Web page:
iCanBike comes to Tucson to teach special needs individuals how to ride a bike

TUCSON, Ariz. (KGUN) — A program teaching special needs individuals how to ride a two-wheel bike is in Tucson this week.

Research shows that over 80% of people with autism and 90% of people with down syndrome never learn to ride a two-wheel bike. The camp iCanBike aims to defy those odds.

The iCanBike camp consists of 75-minute long sessions once a day for five days. They use roller bikes that have a roller instead of a regular wheel.

Kaitlyn Shmidt is the Floor Supervisor for iCanBike. “Monday they start with a roller that looks like a rolling pin, equal circumference all the way around. And as the week goes on, they go through a series of rollers that taper, creating that imbalance and instability, giving them that feedback of what it would be like on a two-wheel bike,” she said.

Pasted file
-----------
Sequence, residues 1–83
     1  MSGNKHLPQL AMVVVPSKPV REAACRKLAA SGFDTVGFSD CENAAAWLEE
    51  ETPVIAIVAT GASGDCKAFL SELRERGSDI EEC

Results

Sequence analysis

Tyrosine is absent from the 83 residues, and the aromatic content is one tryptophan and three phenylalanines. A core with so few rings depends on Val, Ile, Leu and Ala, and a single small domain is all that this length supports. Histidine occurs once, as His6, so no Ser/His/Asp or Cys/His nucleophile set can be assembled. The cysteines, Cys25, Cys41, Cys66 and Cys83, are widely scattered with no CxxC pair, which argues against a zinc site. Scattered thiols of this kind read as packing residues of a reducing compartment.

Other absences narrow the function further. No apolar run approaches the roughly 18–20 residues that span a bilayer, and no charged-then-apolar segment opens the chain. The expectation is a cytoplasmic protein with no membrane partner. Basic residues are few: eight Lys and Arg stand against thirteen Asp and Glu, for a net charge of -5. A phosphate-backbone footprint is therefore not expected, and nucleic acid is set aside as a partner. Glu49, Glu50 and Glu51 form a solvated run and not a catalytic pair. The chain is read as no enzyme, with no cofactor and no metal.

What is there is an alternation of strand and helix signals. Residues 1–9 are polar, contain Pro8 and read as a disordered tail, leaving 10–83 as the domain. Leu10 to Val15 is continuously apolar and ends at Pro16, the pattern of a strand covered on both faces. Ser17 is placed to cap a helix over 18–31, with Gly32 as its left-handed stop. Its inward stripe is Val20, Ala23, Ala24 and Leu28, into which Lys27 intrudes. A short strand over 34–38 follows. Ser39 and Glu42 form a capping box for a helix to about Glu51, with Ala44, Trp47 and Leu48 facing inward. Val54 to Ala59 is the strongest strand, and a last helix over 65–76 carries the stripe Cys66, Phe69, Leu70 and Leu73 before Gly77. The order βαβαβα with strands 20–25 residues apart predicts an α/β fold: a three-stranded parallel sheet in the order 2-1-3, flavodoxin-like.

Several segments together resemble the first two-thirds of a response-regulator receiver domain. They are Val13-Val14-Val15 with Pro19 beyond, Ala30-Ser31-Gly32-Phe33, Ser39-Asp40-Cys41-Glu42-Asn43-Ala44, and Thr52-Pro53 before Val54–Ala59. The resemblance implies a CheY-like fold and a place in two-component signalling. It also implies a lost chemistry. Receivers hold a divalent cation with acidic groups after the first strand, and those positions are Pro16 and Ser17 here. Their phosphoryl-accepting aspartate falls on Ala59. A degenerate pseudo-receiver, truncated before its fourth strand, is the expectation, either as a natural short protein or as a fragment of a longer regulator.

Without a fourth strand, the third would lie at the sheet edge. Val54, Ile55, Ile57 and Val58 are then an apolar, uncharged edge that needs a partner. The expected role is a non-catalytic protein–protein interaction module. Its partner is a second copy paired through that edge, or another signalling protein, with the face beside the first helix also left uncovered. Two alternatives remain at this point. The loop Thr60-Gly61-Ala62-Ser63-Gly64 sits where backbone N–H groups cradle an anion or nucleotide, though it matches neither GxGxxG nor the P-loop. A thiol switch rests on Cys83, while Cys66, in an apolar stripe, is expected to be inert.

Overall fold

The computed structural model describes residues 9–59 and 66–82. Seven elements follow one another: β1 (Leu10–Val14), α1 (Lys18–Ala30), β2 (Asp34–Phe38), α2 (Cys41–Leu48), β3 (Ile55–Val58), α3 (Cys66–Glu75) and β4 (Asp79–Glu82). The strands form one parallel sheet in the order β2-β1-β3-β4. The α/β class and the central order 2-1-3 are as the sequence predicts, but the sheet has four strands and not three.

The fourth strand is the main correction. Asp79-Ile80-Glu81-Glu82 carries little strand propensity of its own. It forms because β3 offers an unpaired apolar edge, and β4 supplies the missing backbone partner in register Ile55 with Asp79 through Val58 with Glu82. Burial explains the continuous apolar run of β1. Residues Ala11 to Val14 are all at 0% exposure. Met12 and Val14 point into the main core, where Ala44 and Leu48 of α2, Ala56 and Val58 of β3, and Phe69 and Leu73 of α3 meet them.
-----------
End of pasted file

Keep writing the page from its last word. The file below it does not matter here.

She said the beauty in her method is the riders don’t know the pin sizes are changing. “Once we get them on two wheels starting Wednesday, they already kind of have a feel of what it’s like to be on a two-wheel bike.”

Shmidt said she loves watching them build confidence as they learn to ride.

Host and parent Christine Desilva brought the program here to Tucson. She and her husband worked for six months to get everything organized.

“He was kind of like my cheerleader in the background,” said DeSilva.

She found sponsors, recruited volunteers, and gathered families across Arizona willing to participate in the program.

She made it her mission to give her son the chance to learn to ride a bike. She said it’s so rewarding to see the progress he and the other riders are making.

“It’s amazing. They’re just smiling from ear to ear, happy, and I’m really excited for them,” said DeSilva.

Shmidt says the iCanBike camp has an 80% success rate overall. To find out more about the camp, where to find one, or how to host one, you can turn to their website, icanshine.org.

Reyna Preciado is a reporter for KGUN 9, she joined the KGUN 9 team in July of 2022 after graduating Arizona State University. Share your story ideas with Reyna by emailing [email protected] or by connecting on Instagram, or Twitter.


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